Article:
Penn State Football: Viewing Bill O’Brien Through Rose and Cael-Colored Glasses
LANCASTER – Russ Rose is a cigar aficionado, elder pennstatesman, wry homespun philosopher and czar of all things women’s collegiate volleyball.
At 59 years of age and after 34 years of coaching at Penn State, with four national titles, he’s seen it all. Twice.
For those reasons and more, in late 2011 Rose was a member of the six-person search committee that recommended hiring Bill O’Brien to replace Joe Paterno. The longest-tenured head coach at Penn State, Rose was impressed initially by what O’Brien the coaching candidate would bring to the playing field.
“What I liked most about Bill in that process is that he said, ‘I’m a helluva football coach. I’m a coach,’ ” Rose recalled here on Thursday, at the fifth of 12 stops of Penn State’s two-weeklong coaches caravan.
And that’s what O’Brien was hired to be. But things quickly changed – and have stayed that way.
These days, what Rose also likes about O’Brien is what he brings off the field as well – as exhibited along the banquet circuit, which this past week included Reading, Philadelphia, Washington, D.C., Baltimore, Lancaster and Camp Hill. It includes an Ivy Leaguer’s skillset of diplomatic yet honest talk, endless and polite banter, suit and (usually) tie, and pep talks to alumni and supporters of all ages.
“How he’s handled it has been incredible, but that’s not what we were really assessing at the early stages,” Rose said. “We needed somebody to coach. A big part of it at that time was being capable of filling the position, which had been filled in a great way by Joe.”
That was then, before sanctions and Freeh and Paterno’s death and enough ugly stuff to fill a Stephen King novel, three episodes of “Boardwalk Empire” and a King Lear reboot. Still, the search committee was not naïve – or clairvoyant.
“We knew that part of the equation (in making the hire) was going to be the situations that were forthcoming,” Rose said. “The question I asked all the candidates was, ‘There’s more to being the football coach here. You have to get your arms around 600,000 alumni who love Penn State and who feel that everyone out there is selling their alma mater in the other direction.’ ”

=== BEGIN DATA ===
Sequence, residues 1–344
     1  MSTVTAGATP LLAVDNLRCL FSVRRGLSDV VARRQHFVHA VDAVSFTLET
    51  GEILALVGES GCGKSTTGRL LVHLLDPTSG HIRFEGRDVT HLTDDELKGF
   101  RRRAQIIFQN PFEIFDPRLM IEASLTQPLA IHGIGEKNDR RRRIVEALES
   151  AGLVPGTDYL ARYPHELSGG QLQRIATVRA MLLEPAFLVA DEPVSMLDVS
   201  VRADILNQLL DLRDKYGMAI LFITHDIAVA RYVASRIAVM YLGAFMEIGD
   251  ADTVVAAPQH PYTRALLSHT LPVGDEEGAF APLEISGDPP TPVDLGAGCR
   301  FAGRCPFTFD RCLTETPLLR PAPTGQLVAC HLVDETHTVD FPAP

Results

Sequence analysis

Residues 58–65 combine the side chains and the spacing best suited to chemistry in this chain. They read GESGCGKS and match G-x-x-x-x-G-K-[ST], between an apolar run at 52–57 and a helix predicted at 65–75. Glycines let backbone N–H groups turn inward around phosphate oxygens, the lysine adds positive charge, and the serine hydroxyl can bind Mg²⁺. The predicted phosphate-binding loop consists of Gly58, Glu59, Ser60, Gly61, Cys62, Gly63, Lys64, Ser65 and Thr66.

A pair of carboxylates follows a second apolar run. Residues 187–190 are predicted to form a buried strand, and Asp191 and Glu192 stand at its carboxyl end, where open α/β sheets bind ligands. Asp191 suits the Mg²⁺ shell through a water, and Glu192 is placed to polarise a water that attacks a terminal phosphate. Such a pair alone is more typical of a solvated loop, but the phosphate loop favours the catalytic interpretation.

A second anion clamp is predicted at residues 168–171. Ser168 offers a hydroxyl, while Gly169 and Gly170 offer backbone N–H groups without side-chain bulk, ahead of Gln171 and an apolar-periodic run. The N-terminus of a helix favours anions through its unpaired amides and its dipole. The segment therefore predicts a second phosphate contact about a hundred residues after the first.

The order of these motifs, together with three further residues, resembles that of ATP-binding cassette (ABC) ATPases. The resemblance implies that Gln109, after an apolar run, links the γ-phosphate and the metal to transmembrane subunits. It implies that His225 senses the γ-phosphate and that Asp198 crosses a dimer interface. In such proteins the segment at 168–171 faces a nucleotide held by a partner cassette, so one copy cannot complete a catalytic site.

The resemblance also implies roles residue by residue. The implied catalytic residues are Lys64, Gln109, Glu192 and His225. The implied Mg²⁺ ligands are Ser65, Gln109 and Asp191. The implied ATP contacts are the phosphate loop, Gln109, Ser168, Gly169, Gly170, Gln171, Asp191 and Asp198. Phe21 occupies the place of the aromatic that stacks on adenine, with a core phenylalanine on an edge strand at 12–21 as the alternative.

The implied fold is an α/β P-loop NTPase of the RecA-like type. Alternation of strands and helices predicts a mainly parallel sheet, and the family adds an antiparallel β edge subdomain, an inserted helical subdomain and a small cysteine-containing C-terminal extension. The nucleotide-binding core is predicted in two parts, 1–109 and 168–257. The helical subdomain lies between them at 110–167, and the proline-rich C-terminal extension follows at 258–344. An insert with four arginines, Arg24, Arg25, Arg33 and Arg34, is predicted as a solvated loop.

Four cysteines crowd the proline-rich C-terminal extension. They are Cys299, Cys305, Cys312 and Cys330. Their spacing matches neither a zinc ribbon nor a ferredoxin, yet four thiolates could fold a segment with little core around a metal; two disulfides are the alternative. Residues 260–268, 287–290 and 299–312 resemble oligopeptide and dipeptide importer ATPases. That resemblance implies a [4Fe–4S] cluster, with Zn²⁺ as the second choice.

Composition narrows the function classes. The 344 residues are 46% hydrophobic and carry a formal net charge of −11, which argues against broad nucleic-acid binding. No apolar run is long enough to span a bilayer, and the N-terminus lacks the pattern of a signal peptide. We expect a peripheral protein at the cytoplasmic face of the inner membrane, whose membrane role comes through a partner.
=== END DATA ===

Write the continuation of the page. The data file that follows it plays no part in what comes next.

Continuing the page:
Enter O’Brien, on Jan. 6, 2012. Penn State bought itself a football coach for $2.3 million a year. But the Brown grad threw in being The Great Conciliator for free.
The non-football part of it wasn’t a job that O’Brien had experience in or asked for. It’s there now, though. As basketball coach and OB friend Pat Chambers noted on the caravan trail this week, it’s now a big part of O’Brien’s job description. Call it “other scandal-related duties, as defined.”
“I don’t know if Bill completely wants it,” said Chambers, a high-energy brick-building kindred spirit of O’Brien’s. “He’s a humble guy behind closed doors. He’s done a great job and I think he’s up to the task to be that leader, that ambassador we need for the next five, 10 years.”
At his four previous college jobs and one NFL stop, O’Brien never faced much media exposure (unless you count those 739,000-plus people who have seen the Brady-O’Brien spat on YouTube). Now, it’s a mixed bag. O’Brien jokes that he could walk along the streets of Philadelphia this week without being recognized. But at each stop of the caravan, fans and alumni often preface their questions with a 30-second protracted “thank you” for helping to restore Penn State’s name nationally.
ROSE AND SANDERSON
Joining O’Brien at stops in Lancaster and Harrisburg were both Rose, who is the winningest coach (1,096 victories) in women’s volleyball history and the owner of those four NCAA titles (2007-2010), and Penn State wrestling coach Cael Sanderson, the winningest wrestler in NCAA history. Between them, Sanderson and Rose have 11 NCAA championships. And an Olympic medal. And 1,355 victories. And too many Big Ten titles to count.